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What is Type 2 Diabetes

Updated on March 18, 2014

Type 2 Diabetes Explained

Diabetes is a problem in the body that causes blood glucose (blood sugar) levels to rise above normal levels; this is also known as hyperglycemia. Type 1 diabetes results from the body (specifically the pancreas) no longer being able to produce the hormone insulin that regulates the blood glucose levels. The more common form of diabetes however is that of type 2 diabetes.

Type 2 diabetes is the result of the body no longer being able to properly use insulin. The body, specifically the pancreas produces very little insulin or the body does not respond appropriately to insulin, better known as insulin resistance. When the body isn’t able to produce enough insulin or properly recognize and use the insulin properly, the glucose from processing food is unable to enter the body’s cells to be used for energy. Rather the glucose builds up in the bloodstream which can cause damage to the body and its organs, while also preventing the body to function properly.

Even though type 2 diabetes is more prevalent in the world compared to type 1 diabetes, the causes of type 2 diabetes are less understood than the causes of type 1 diabetes. Understanding the cause of type 2 diabetes continues to be highly important due to the fact that so many people in the world suffer from it. Originally known as adult-onset diabetes, it is now better categorized as insulin resistant diabetes because either the body does not produce enough insulin or it is unable to use the insulin to the fullest extent. In this day and age, more and more children are being diagnosed with type 2 diabetes negating the name of adult-onset diabetes.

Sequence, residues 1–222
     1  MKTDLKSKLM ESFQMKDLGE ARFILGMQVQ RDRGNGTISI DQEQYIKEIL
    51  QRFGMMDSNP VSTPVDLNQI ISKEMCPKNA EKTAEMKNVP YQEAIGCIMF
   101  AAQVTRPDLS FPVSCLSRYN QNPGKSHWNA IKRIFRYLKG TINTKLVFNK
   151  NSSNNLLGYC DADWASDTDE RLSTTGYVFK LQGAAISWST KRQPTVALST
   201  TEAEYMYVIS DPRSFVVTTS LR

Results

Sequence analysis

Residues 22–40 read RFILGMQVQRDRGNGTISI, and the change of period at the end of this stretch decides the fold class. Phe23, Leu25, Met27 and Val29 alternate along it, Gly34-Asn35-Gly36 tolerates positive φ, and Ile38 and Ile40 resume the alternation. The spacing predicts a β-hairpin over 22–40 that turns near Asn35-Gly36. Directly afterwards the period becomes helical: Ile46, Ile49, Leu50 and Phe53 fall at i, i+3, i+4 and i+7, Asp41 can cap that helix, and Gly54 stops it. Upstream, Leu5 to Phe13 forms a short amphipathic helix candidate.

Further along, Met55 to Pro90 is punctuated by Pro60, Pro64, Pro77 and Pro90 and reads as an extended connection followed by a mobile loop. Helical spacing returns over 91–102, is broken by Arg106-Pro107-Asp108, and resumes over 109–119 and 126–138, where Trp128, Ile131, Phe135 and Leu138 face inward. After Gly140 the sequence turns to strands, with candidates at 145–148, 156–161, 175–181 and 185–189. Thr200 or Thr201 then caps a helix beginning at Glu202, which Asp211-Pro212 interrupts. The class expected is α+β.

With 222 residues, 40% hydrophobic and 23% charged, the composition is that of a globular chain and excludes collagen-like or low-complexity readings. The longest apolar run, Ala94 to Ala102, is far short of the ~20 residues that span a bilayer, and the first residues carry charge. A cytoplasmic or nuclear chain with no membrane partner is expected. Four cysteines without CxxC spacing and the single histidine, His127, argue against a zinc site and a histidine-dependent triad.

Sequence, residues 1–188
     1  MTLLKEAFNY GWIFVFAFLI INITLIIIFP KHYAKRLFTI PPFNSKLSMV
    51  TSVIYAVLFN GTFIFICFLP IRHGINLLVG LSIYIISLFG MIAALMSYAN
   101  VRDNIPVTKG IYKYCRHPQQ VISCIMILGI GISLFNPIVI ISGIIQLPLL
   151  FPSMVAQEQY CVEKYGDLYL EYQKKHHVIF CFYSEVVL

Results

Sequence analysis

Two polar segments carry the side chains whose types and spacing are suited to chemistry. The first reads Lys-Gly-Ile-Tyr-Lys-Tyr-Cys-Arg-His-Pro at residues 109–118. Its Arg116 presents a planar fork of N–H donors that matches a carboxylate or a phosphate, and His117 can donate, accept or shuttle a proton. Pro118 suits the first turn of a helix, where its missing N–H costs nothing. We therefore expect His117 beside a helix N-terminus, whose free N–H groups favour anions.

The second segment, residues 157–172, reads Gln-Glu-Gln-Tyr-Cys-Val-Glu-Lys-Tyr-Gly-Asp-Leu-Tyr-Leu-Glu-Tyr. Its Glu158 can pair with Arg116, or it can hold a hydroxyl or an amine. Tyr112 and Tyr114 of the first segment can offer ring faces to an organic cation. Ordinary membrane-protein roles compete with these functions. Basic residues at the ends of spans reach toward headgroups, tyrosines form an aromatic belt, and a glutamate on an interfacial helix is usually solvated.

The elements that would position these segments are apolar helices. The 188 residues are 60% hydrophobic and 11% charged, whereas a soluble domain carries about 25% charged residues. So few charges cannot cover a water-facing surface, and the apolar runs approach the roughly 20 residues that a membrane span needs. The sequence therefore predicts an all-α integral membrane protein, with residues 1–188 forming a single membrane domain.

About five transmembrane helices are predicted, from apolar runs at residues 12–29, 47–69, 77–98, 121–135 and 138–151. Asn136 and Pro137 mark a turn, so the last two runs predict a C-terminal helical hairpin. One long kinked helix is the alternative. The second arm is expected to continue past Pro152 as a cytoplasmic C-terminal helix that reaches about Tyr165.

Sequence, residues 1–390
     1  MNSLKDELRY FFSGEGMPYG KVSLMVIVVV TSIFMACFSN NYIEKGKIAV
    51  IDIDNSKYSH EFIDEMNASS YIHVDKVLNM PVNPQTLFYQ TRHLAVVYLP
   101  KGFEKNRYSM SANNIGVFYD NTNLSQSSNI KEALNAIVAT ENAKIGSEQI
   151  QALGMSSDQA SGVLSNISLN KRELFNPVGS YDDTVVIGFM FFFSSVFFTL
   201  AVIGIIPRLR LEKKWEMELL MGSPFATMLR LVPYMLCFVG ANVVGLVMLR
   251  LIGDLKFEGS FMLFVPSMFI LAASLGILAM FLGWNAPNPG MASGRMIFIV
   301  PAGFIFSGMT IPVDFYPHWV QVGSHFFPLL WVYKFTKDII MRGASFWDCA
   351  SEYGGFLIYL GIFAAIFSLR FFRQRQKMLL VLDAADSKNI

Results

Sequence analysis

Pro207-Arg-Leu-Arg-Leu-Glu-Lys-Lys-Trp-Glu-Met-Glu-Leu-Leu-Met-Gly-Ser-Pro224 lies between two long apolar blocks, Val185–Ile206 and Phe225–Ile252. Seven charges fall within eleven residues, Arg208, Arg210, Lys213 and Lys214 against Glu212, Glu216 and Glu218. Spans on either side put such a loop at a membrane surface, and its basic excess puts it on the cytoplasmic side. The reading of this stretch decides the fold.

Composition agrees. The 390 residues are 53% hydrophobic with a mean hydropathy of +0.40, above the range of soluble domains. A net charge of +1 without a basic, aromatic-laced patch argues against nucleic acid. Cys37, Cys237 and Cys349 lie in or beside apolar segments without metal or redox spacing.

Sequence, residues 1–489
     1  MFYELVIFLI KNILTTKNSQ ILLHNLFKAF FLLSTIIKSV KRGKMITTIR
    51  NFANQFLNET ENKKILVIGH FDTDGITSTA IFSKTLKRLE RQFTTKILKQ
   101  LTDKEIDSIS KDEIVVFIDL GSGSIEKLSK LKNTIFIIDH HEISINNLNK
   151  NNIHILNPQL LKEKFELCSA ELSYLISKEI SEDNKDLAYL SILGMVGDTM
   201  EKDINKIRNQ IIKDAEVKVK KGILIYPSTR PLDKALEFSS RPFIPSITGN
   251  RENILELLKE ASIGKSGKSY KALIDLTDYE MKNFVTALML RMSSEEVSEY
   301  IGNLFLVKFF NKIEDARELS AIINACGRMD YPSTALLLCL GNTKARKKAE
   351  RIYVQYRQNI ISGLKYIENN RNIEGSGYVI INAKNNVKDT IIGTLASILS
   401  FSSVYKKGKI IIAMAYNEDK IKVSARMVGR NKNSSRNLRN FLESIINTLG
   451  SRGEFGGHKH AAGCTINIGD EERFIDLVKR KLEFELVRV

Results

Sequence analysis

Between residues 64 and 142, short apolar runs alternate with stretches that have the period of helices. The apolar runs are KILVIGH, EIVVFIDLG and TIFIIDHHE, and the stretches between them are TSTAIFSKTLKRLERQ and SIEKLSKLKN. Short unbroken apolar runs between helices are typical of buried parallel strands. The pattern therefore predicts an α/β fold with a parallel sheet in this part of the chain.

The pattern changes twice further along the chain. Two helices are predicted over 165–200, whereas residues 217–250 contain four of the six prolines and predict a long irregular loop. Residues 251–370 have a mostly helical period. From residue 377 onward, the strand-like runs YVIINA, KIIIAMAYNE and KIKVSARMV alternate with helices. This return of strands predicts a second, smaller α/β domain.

What is Type 2 Diabetes

Type 2 Diabetes in Children

The greatest risk factor for type 2 diabetes in children is being overweight. The obesity epidemic in the US has grown immensely as nearly one out of every five children is considered overweight. An overweight child has a greater chance to develop type 2 diabetes – in fact the changes are more than doubled. Additionally as it is seen in adults, the risk of type 2 diabetes in children displays a positive correlation associated with excess abdominal weight with the obesity pattern increasing the likelihood of insulin resistance and the chance of type 2 diabetes.

Risk Facors for Type 2 Diabetes

Anyone can get Type 2 Diabetes, not just children however it is more prevalent and more likely to occur in people that are obese and overweight. It is believed that type 2 diabetes has a strong genetic link meaning that it tends to run in families. In fact several genes are being currently studied to determine whether there is a relationship to the cause of type 2 diabetes. Type 2 diabetes risk factors including the following:

  • Being obese and overweight
  • Having a sedentary lifestyle
  • Do not exercise
  • Female gender
  • Have had gestational diabetes
  • Gave birth to a baby weighing more than 9 pounds
  • Have family members who have type 2 diabetes
  • Have prediabetes
  • Have low HDL cholesterol
  • High triglycerides (fat levels)
  • Have high blood pressure (hypertension)
  • High alcohol intake

Being a member of certain racial/ethnic groups also have an impact and increased chance for type 2 diabetes. American Indian, African-American, Asian, or Hispanic/Latino all have a greater risk of developing type 2 diabetes compared to non-Hispanic whites.